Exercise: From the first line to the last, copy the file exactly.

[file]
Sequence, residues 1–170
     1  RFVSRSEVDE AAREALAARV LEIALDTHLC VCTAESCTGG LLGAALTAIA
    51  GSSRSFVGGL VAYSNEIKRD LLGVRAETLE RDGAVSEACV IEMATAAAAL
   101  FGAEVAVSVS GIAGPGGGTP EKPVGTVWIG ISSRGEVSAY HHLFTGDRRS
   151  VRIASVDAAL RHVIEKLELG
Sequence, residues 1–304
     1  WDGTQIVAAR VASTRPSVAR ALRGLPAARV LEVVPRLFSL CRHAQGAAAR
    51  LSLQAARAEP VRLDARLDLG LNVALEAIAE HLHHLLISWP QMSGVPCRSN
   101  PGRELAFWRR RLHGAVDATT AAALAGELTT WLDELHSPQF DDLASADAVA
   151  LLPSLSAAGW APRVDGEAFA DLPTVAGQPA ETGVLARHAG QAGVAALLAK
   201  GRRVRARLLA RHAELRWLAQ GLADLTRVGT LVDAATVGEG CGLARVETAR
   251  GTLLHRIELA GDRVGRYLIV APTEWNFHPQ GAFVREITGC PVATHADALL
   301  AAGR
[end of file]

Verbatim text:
Sequence, residues 1–170
     1  RFVSRSEVDE AAREALAARV LEIALDTHLC VCTAESCTGG LLGAALTAIA
    51  GSSRSFVGGL VAYSNEIKRD LLGVRAETLE RDGAVSEACV IEMATAAAAL
   101  FGAEVAVSVS GIAGPGGGTP EKPVGTVWIG ISSRGEVSAY HHLFTGDRRS
   151  VRIASVDAAL RHVIEKLELG
Sequence, residues 1–304
     1  WDGTQIVAAR VASTRPSVAR ALRGLPAARV LEVVPRLFSL CRHAQGAAAR
    51  LSLQAARAEP VRLDARLDLG LNVALEAIAE HLHHLLISWP QMSGVPCRSN
   101  PGRELAFWRR RLHGAVDATT AAALAGELTT WLDELHSPQF DDLASADAVA
   151  LLPSLSAAGW APRVDGEAFA DLPTVAGQPA ETGVLARHAG QAGVAALLAK
   201  GRRVRARLLA RHAELRWLAQ GLADLTRVGT LVDAATVGEG CGLARVETAR
   251  GTLLHRIELA GDRVGRYLIV APTEWNFHPQ GAFVREITGC PVATHADALL
   301  AAGR